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Admittedly, that’s quite a question, and one that requires travel to answer. Which is exactly what that newspaper photo inspired young Emerson, then a student at the University of Alabama in the early 1990s, to do. He recalls, “Unemployment at that time was rather high. This guy in San Francisco had posted his résumé on two billboards that covered his front and rear. I thought: Wow, is it that desperate? What am I going to do to stand out?


Mannheim Steamroller


As the college kid pondered those questions, he remembered the many moves he made as a kid growing up in a military family while his father served in the Army. He decided an exchange program Alabama had with The University of Mannheim in Germany might give him the foreign language skills and experience to set him apart. There was only one problem: Mannheim wouldn’t accept him unless he was proficient in German … and Emerson didn’t Deutsch sprechen. Undeterred, the student paid his own way overseas, enrolled in a five-week immersive language course, and gained the proficiency to steamroll his way into Mannheim.


While such initiative is impressive— not only for a college student but for most adults—Emerson’s upbringing prepared him to take it. Those childhood moves with his New England family prepared him to adapt to new situations. “That moving shaped a lot of who I am,” he says. “With every move to a new post, it was like you could reinvent yourself. There were new friends in a new area; everything was new again.”


In addition, the kid benefited from excellent role models. “My main mentors have always been my family,” Emerson says. “My father and grandfather both taught me how to be calm and approach problems in life. Most important is the way they lived their lives. They put family and friends first and have generously given back


to their communities.” Even now when Emerson leaves his Grand Prairie, Texas, office after a 12-hour day, on the 45-minute drive home he regularly calls his dad in Maine. Then when he arrives home, his focus is on his own family, not business—and perhaps a good book or a nice bottle of wine shared with his wife and neighbors as they all watch their kids play.


Another aspect of Emerson’s youth that shaped him was employment. Since high school he always got a job of some sort—jobs that paid his way through school. So when he enrolled in Mannheim, he naturally sought work on the side, including an internship at ABB, a Swedish-Swiss- German conglomerate that at the time was one of the largest construction companies in the world. Little did he know how fortuitous that internship would become.


From Roll Tide to Roll Off


Upon returning to Tuscaloosa, Alabama, for graduation, Emerson learned that Mercedes-Benz was building their first U.S. production plant just a few miles from the college town. The German company wanted to hire graduates from the local university, so Emerson threw his name in with thousands of others. “What stuck out in my résumé wasn’t a naked dude wearing billboards, but that I had gone to Germany and worked for ABB.”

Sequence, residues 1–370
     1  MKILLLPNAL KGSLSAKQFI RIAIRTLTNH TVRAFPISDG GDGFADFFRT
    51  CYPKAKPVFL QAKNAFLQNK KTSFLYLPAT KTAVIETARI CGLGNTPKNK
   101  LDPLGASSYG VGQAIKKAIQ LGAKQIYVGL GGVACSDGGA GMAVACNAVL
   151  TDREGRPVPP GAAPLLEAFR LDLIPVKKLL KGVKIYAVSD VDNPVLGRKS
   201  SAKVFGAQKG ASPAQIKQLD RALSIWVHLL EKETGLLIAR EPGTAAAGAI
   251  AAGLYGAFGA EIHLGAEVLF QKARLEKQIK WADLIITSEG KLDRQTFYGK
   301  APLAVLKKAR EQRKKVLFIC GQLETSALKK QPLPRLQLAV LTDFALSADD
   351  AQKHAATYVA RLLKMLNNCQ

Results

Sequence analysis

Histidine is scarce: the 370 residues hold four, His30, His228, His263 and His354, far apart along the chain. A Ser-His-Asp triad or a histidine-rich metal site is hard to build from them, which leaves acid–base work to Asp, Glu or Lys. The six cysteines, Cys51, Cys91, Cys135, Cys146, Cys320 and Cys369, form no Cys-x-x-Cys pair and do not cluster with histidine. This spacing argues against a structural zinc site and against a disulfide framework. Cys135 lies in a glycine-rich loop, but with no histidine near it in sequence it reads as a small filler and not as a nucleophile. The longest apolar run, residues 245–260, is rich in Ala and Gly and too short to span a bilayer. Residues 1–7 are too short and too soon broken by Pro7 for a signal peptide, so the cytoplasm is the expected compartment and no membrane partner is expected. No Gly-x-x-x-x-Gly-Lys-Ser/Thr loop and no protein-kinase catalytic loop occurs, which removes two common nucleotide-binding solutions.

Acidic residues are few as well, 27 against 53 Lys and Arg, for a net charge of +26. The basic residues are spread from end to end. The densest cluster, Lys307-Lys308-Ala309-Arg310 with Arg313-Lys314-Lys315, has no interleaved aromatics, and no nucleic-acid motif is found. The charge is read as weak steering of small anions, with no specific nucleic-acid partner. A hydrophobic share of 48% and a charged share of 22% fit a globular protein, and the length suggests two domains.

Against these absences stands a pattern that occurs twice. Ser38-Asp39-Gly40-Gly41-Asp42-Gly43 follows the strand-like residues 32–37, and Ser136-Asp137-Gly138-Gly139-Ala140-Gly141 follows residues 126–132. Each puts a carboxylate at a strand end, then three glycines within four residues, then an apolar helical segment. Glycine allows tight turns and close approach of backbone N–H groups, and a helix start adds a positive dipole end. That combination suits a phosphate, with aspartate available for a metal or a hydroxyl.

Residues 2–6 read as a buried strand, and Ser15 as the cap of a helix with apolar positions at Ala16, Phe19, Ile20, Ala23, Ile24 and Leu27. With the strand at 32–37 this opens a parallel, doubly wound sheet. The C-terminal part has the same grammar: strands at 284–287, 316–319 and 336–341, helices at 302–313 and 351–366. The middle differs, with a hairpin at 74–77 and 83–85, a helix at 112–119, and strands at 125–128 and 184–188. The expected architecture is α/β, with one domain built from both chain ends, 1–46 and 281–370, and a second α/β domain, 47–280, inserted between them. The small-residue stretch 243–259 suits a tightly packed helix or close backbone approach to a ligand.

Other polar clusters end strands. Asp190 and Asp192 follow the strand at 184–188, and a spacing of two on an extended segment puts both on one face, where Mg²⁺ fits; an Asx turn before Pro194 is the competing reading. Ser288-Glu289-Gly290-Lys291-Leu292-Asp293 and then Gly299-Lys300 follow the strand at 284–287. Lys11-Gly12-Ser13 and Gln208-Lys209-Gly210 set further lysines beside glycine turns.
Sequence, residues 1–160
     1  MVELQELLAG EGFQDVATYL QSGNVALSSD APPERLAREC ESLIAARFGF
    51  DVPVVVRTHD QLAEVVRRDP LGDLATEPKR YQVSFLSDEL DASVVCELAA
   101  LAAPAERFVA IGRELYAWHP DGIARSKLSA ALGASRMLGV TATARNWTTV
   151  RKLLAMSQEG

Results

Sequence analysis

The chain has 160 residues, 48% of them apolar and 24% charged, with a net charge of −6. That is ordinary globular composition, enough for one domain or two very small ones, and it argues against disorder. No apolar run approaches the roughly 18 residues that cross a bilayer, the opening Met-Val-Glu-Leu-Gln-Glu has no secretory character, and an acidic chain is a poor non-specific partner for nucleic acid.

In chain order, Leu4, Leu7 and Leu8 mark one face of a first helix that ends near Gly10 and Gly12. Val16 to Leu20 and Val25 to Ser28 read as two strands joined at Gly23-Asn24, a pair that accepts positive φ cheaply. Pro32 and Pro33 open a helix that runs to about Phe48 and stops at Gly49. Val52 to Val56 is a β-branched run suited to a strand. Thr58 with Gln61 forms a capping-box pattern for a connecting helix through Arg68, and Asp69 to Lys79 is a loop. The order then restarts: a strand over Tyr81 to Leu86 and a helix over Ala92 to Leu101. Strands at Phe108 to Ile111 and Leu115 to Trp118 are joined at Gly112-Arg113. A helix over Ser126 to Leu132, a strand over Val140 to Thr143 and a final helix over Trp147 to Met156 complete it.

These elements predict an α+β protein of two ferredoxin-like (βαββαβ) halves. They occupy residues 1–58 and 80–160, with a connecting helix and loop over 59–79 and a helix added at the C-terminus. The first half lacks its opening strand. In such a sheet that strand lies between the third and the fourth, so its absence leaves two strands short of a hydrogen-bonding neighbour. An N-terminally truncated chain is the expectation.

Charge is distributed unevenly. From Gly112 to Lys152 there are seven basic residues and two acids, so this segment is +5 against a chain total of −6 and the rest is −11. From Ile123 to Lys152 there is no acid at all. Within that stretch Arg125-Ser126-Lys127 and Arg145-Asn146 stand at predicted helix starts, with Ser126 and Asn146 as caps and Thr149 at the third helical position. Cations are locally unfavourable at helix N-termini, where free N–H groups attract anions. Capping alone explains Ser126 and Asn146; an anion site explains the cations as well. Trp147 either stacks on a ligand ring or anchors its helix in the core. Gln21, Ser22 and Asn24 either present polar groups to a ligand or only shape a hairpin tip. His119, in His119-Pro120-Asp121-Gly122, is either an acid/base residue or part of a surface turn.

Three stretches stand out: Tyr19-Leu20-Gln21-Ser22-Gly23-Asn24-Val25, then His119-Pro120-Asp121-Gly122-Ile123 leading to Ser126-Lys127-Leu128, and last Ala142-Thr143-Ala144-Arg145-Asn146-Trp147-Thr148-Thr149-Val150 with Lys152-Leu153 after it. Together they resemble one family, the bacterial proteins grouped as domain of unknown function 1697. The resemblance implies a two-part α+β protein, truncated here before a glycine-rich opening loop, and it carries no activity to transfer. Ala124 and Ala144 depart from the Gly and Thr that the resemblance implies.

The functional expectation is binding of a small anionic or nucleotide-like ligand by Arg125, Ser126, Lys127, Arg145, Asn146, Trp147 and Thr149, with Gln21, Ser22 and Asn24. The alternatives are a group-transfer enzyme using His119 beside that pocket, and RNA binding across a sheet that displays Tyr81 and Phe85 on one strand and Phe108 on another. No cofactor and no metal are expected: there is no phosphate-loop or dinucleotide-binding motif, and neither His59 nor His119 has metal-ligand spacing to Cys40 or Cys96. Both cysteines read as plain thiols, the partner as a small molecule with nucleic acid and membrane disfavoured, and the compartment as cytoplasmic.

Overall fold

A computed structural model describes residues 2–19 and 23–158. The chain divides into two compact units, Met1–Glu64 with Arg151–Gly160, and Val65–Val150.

The newly minted graduate was hired and worked on-site as a financial controller for three years while state- of-the-art facilities were built and production got underway. Emerson went from his alma mater’s team cheer of “Roll Tide” to seeing new vehicles roll off the assembly line. “The first production car rolled off in ’97,” he says. “It was a great experience to see that happen and be part of that little team that did something that no one in Germany thought would ever happen: Mercedes building cars abroad.” After that success, Emerson was given the opportunity to return to Germany


by Mercedes’ parent company, Daimler-Chrysler, and soon wound up in Daimler’s Munich aerospace division. In the year 2000, this division was merged with aerospace companies from France and Spain to create the new European Aeronautic Defence and Space Company (EADS) that would later be reorganized in 2014 as Airbus Group SE. Being in the finance department, Emerson found himself right in the middle of the three- company merger. “Two of us worked on building this joint pro forma plan for what the new EADS would look like.” That work helped launch a successful initial public offering. How did the young executive find himself in an integral role for such a major merger? He reflects, “It was the right place, right time, right attitude.”


Creating Value


With a key role in a successful IPO now on his list of accomplishments, Emerson went to Washington, D.C., as vice president of investor relations for EADS North America, and soon thereafter he became senior vice president of finance (CFO) for commercial operations. For eight years in those jobs he immersed himself in all aspects of the company. “It was a great experience because it helped me learn about all of the business lines: helicopter, commercial jet, military, satellite, communications … all of it.” Furthermore, he realized an important truth: “Our job is to create value. Everything we do is to create value.” With that mantra taken to heart, he also somehow found the time in 2007-08 to earn an executive certificate from the Massachusetts Institute of Technology.


Leaving the Comfort Zone


The young executive was rising fast through the international aerospace corporation and had become quite confident and comfortable in his financial capabilities. However, a promotion would stretch him out of that comfort zone when he was


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